Boston started Eduardo Rodriguez, and Hyde countered with Chandler Shepherd, who allowed three runs, two unearned in five innings.
“We faced a guy going for his 20th win today,” Hyde said. “They had the varsity club in there trying to get it for him and we just did a great job of competing. Chandler Shepherd gave us way more than we could have asked. But a very short bullpen today, also, with a bunch of guys who weren’t going to throw. He went a long way for us, which was huge.”
Villar plays 162: Jonathan Villar played his 162nd game on Sunday, and drove home the tying run in the eighth to make it, 4-4.
“It was an important part for me, because I put in preparation to my body before I came into spring training,” Villar said. “Also, because I love to play the game. That was nice for me.”
He finished the season with a .274 average, a .792 OPS, 24 home runs and 40 stolen bases.
No word on coaches: There’s no timetable for the Orioles to name their coaching staff for 2020. A week ago, general manager Mike Elias declined to comment on whether there would be changes.
“I’m not sure about that,” Hyde said. “We talked a little about that, but I think Mike is going to evaluate things a little after the season and that’s probably a question for him, to be honest about it.”
Hyde spoken highly of the coaches. “They’ve been fantastic,” he said.
“They’ve been incredibly supportive. It’s a worker group, and it’s a grind group. When we were putting the staff together, we were targeting these kind of guys. They’ve been just amazing, player development guys that created great relationships with our players.
“There’s always been a great vibe in our clubhouse, and a good vibe on the field and the dugout, and the players have said that those guys have had a lot to do with that. I’ve been very, very fortunate in my first year to have a group around me like that.”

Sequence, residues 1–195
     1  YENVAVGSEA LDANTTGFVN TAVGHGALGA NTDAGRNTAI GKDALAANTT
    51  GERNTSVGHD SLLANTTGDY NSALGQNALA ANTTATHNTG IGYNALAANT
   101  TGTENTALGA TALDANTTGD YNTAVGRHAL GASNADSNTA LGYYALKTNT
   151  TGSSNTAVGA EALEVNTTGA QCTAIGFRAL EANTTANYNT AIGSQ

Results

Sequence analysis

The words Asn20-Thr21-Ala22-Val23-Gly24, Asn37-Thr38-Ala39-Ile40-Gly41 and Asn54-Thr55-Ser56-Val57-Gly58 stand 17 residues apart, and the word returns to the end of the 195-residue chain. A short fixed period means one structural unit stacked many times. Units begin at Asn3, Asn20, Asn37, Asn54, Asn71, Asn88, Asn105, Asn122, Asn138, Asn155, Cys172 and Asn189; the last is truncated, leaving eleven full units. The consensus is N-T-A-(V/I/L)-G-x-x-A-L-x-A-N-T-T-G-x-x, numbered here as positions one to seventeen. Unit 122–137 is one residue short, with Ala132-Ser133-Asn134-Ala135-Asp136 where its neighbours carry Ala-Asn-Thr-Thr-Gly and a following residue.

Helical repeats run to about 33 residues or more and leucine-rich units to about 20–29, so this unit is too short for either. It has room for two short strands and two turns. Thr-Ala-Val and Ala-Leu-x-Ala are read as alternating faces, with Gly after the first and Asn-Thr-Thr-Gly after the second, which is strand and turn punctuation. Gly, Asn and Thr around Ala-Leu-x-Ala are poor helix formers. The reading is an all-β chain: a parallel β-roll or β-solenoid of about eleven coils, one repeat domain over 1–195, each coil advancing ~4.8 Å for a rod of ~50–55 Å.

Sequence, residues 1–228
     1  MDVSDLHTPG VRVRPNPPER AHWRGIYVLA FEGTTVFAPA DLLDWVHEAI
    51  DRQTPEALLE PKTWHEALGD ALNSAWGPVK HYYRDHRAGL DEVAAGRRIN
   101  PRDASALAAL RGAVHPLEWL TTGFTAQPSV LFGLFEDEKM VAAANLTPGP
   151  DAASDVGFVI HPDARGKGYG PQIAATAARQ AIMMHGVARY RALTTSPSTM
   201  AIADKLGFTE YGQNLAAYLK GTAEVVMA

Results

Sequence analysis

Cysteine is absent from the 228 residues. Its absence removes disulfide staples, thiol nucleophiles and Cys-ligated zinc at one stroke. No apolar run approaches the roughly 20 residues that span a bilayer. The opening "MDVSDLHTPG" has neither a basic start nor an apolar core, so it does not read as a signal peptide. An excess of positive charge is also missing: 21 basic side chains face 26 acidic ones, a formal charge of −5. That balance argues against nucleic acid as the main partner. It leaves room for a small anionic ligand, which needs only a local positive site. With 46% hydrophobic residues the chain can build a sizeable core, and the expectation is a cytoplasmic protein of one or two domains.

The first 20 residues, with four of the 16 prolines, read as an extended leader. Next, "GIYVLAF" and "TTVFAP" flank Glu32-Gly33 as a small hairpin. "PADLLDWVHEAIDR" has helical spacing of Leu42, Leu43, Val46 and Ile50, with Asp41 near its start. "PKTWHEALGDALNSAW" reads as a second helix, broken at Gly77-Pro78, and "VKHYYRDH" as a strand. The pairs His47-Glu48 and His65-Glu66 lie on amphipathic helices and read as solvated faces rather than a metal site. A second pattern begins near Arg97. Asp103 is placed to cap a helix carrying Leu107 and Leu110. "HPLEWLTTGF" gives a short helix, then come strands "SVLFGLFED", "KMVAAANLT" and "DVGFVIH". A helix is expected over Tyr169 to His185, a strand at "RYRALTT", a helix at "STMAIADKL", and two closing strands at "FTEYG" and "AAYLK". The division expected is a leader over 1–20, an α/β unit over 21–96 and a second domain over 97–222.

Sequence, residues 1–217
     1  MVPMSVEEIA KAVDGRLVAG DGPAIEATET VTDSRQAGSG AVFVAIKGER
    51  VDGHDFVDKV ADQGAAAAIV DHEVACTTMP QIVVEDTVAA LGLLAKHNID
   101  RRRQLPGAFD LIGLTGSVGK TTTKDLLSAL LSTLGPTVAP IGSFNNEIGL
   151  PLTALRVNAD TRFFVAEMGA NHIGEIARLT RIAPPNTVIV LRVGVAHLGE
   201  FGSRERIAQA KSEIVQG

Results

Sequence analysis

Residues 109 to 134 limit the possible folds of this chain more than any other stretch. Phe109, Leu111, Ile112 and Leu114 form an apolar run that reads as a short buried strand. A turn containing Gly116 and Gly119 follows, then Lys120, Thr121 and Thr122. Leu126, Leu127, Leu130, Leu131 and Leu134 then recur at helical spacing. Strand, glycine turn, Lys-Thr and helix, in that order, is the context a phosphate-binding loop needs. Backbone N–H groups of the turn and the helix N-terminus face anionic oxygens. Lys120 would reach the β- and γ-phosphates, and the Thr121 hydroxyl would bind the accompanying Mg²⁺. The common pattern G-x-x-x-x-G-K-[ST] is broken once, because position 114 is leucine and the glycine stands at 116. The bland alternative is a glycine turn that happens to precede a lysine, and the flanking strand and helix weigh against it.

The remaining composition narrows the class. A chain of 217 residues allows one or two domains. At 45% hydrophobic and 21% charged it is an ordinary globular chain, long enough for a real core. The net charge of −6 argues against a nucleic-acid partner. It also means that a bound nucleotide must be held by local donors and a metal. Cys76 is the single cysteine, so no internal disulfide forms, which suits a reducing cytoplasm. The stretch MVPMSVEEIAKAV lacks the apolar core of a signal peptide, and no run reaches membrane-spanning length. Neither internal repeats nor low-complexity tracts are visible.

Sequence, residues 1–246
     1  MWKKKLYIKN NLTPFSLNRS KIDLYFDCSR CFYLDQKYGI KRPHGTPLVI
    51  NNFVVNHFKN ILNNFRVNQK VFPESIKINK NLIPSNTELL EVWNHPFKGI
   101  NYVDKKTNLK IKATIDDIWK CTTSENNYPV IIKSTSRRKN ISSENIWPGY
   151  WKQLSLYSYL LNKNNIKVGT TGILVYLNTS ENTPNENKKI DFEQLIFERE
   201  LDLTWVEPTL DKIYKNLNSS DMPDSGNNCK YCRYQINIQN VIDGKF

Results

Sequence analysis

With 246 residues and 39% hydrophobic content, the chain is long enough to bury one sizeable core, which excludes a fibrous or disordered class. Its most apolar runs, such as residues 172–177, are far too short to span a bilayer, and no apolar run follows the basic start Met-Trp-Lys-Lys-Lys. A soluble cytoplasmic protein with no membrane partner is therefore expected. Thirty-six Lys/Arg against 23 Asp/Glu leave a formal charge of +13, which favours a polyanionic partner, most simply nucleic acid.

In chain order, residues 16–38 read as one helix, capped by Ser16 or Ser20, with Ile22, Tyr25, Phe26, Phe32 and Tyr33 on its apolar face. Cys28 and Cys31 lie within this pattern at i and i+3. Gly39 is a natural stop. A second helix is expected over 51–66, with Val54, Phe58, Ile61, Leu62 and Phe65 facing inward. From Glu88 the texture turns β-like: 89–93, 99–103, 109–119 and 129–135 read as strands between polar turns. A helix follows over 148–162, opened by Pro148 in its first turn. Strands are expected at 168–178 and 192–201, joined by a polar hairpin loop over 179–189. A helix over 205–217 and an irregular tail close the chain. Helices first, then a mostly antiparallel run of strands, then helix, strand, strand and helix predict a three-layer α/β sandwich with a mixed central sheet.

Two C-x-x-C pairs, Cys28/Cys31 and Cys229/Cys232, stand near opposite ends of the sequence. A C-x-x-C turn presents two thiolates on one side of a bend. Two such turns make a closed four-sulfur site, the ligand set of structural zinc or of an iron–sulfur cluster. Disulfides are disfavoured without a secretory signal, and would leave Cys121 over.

Hyde on Maddon: From 2015-18, Hyde served as a coach under Joe Maddon with the Chicago Cubs. Though he expected Maddon to be fired, Hyde was still upset when he learned of his dismissal before the game.
“One hundred and eight years is a long, long time,” Hyde said, speaking of the gap between Cubs World Series titles.
“Joe made it easy on everybody. He’s going to be celebrated in Chicago for a long time. I love him. He’s just a class guy that did amazing things there.
“No one’s ever going to take away [going to] three National League Championship Series in a row, that World Series in ’16 and postseason four years in a row, and completely changing the culture there.
“He’s going to go down as a Chicago legend.”
Hyde is confident Maddon will have his choice of managerial opportunities.
Mancini finishes outstanding season: Trey Mancini, who was named Most Valuable Oriole, batted .291 with 35 home runs, 97 RBIs and an .899 OPS in his first season as unofficial team leader.
“I feel really good about it,” Mancini said about the Orioles’ direction. “Last year, last game of the season, there was so much uncertainty leaving the field after that game, not knowing exactly who was going to be back.
“Now, I think we’re going in a pretty clear direction, and I like where we’re headed.”
Mancini emphasized that he wants to stay with the Orioles.
“I’ve always felt strongly about it,” Mancini said. “That’s never wavered. I wasn’t anticipating getting traded at the [July 31] deadline, and I’m glad I didn’t.”
Mancini said that for the Orioles to improve, they must do better in close games. The Orioles were 11-22 in one-run games.
“Winning the close games is the difference between winning 54, 55 games,” Mancini said. “I think we could have easily gotten close to 70 this year. We let a lot of games slip out of our grasp.”